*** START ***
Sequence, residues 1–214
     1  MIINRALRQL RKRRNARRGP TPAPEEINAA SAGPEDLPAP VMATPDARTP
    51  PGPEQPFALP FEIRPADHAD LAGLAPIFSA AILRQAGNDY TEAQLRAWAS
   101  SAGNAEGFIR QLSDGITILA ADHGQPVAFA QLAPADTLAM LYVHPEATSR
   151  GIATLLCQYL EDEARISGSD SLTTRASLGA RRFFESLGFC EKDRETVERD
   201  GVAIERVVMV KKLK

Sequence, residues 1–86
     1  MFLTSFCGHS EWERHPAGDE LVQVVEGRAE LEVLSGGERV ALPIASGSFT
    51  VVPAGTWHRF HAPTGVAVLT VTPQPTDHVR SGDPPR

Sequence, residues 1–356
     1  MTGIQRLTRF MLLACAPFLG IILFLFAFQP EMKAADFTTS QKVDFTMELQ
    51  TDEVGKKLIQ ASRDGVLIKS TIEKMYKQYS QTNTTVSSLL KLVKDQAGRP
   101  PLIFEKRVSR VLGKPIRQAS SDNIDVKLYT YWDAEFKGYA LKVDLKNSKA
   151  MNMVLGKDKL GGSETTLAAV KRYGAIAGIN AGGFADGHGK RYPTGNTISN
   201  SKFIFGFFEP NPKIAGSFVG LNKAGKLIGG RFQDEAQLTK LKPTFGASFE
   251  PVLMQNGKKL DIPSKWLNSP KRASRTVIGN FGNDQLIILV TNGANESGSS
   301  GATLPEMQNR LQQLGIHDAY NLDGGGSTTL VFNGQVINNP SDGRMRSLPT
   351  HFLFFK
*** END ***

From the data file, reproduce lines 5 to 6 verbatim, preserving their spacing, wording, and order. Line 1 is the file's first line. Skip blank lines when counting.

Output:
   151  GIATLLCQYL EDEARISGSD SLTTRASLGA RRFFESLGFC EKDRETVERD
   201  GVAIERVVMV KKLK